Date of Award


Document Type


Degree Name

Master of Arts in English and Writing Studies



First Reader/Committee Chair

Pak, Yumi.


Often portrayed as static, and neutral, “space,” as it is used in this paper, refers to a literary conception, one which encompasses a sphere of locations as well as settings of events, characters, and objects within a literary narrative. Much to our detriment, humans are often compelled to codify and compartmentalize the world around us, using perceived differences as our epistemological touchstone. This phenomenon extends even to our relationship to space. In examining the interplay between space, geographies, genre, and gender, using two objects of analysis, this paper seeks to further the current scholarship on how gender ideology informs our perception of space and, conversely, how space structures our perception of gender, establishing how spatialization not only dictates access, movement, and status within a community but also how we perceive those who must negotiate these geographies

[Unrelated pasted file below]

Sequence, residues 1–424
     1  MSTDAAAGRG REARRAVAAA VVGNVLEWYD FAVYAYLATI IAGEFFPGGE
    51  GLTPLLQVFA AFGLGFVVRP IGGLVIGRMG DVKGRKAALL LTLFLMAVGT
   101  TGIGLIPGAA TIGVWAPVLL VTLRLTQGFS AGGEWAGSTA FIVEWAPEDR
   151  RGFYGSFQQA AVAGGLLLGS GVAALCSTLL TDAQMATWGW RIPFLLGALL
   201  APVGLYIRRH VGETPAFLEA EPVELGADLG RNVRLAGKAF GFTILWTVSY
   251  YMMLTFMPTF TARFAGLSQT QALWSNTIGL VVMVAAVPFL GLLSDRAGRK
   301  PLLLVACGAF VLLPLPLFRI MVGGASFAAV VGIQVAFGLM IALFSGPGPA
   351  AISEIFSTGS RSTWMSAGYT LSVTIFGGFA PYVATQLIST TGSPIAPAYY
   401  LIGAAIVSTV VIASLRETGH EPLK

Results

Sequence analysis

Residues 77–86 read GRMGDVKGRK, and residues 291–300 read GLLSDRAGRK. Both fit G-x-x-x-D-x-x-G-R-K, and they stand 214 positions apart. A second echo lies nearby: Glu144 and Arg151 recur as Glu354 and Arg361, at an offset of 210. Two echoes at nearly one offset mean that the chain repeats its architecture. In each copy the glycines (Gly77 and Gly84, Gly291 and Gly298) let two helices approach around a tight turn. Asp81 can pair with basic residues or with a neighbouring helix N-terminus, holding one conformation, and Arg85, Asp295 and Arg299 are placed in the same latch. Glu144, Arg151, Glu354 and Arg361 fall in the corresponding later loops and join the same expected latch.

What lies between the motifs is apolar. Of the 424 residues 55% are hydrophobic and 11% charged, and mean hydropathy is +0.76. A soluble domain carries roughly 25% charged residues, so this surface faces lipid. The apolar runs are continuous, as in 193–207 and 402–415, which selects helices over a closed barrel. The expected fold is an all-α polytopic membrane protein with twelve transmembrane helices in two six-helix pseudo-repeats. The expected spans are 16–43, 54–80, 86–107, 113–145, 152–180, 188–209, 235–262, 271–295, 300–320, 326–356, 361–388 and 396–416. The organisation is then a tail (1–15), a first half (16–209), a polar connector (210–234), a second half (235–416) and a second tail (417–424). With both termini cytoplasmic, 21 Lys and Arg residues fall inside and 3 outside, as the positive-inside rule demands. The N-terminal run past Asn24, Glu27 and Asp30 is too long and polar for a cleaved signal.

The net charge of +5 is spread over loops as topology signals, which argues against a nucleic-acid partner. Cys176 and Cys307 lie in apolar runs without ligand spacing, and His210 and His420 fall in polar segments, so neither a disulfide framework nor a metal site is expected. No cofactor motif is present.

I argue that spaces are neither static nor neutral but are instead constructs continuously being formed via our perceptions and interactions with them. In fact, by juxtaposing my two objects of analysis, Harlon Ellison’s short story “The Whimper of Whipped Dogs,” and the film Westward the Women (1951), and how they present two different forms of space—the western frontier versus the urban city—I aim to illustrate the arbitrariness of these spatial constructions. Instead of being diametrically opposite constructions, two different spaces presented in different texts and genres can be unified and shaped based on how we perceive them in our minds. And in demonstrating the arbitrariness of spatial construction, I intend to illustrate the harm that the belief in the naturalized and neutral constructions of space can have in larger societal terms.